I have a hard time explaining why Nico Walker’s debut novel Cherry made me laugh out loud in public last week. It’s a story so far from the recognizable tropes of broken veterans and lionized hero archetypes that section titles like The Great Dope Fiend Romance feel just right for lines like, “There was a lot of f*cking around with mannequins.” Even lines like, “Megan’s sister didn’t kill me. No one has yet” and, “Sometimes we’d walk in old minefields. It was boring as hell” could be mistaken for cop drama dialogue until you realize Cherry is a story without heroes. It’s all part of a voice drawing from the lingo of US Army medics, small town drug pushers, and the desires of hopeless lovers who know they want out but just can’t find the way.
In 2012, Nico Walker plead guilty to robbing 10 banks, scoring himself an 11 year sentence. In jail, he began corresponding with Matthew Johnson of Tyrant Books and writing about his life. While Walker’s self-deprecating humor is nothing new for the kind of military bildungsroman about young men doing dumb things out of fear and boredom, there’s an honesty from the narrator that puts soldiers, addicts, and college students together in the same circle of hell. In a scene with a young woman at a college party, Walker’s narrator gravitates towards the ugly without shocking anyone, “It was a song about making all the females crawl on the floor and jizzing on the females and stuff. Madison couldn’t help herself. I lost her somewhere. I went and stood off to the side of the room to wait for this to be over.” The narrative style can read as uncomfortably detached throughout tumultuous relationships with dealers, lovers, and non-commissioned officers while giving the prose observational clarity. A redeployment ceremony offers a glimpse into what respite from self hatred might look like if the narrator could only find it within himself, “And I guess I was ungrateful, given all the people in the gymnasium and the DJ. But they weren’t my people and f*ck the DJ. You do the best you can.”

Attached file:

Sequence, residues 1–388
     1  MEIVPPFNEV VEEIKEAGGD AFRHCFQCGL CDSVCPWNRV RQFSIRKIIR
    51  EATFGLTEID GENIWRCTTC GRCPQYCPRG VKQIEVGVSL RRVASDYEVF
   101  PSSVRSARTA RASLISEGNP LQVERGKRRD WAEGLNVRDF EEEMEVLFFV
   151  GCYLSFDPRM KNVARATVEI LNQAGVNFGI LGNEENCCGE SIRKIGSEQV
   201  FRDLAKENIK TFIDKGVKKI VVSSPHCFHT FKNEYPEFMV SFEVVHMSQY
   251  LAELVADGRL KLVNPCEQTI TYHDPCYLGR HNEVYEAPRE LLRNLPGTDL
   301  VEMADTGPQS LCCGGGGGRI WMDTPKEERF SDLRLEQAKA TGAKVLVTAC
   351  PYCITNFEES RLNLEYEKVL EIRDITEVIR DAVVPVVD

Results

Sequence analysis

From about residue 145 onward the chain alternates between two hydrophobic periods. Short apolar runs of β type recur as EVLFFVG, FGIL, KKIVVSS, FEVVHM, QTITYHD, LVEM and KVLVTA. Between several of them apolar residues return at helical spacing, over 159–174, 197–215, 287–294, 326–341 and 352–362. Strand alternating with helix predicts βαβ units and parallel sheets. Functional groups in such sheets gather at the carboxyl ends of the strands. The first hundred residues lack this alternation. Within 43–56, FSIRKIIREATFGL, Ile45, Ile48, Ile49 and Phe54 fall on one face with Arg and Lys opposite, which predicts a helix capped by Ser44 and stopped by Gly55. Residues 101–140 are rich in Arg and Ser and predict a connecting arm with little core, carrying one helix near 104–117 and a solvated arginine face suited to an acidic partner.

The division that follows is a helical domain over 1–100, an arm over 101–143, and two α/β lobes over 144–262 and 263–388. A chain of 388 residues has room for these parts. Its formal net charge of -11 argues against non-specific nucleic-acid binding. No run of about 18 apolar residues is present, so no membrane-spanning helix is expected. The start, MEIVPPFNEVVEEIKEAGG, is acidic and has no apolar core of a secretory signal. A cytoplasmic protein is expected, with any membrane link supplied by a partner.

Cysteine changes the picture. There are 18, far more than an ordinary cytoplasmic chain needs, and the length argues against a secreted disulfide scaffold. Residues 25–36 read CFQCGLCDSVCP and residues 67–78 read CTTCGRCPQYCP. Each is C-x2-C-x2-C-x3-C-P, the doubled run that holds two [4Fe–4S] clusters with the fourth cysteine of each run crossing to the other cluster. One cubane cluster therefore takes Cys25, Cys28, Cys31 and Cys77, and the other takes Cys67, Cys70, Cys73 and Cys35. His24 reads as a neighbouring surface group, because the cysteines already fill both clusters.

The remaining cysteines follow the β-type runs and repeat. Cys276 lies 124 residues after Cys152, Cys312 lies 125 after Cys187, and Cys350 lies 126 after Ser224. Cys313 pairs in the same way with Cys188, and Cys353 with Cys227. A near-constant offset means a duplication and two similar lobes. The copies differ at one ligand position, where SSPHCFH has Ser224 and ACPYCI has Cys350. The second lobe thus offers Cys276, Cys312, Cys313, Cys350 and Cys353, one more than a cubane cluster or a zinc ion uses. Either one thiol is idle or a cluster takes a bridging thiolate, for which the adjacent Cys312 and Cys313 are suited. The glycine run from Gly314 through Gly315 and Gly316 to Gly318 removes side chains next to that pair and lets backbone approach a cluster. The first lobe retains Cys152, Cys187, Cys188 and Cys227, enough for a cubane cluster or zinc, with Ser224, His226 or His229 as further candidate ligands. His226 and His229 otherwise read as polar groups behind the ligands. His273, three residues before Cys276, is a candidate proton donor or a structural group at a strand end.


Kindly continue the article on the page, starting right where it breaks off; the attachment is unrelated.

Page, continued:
And then there’s the dope. The last third of the novel runs around itself in the cyclic stagnation of addiction to a point where the only way to end the story is with another flash of blood in a rig (Walker’s prison sentence isn’t part of his narrator’s story). Walker’s narrator continuously chooses to remain apathetically disengaged from the atrocities small and large around him. Even when a group of fellow soldiers beat him for thwarting their assault of a woman in their unit named Harlow, Walker’s narrator ignores any sense of injustice to focus on how, “It was Top 40 music. It was stale Bud Light and it was cargo shorts. It was quesadillas and Axe body spray. It was everything I was guilty of.” It’s a convincing cultural apathy that allows his voice to take us down with him without asking for forgiveness. The chapter ends without even a hint of regret in an unforgiving assessment of Harlow, “She f*cked Kovak in the bathroom. You could hear she was really going. She liked d*ck a lot.”
Right up through the last page of the acknowledgements, Walker thanks his editor in the same tone by saying, “And if you’ve read this book and you thought the main character was an *sshole but you kind of liked him, that was all because of Tim O’Connell.” It’s enough to keep me asking Who is this *sshole? without any hint of irony.
Upon graduating from the United States Military Academy at West Point, Joe Stanek served in Afghanistan with the First Infantry Division. He received his MFA from Sarah Lawrence College and lives in Brooklyn where he's writing his first novel.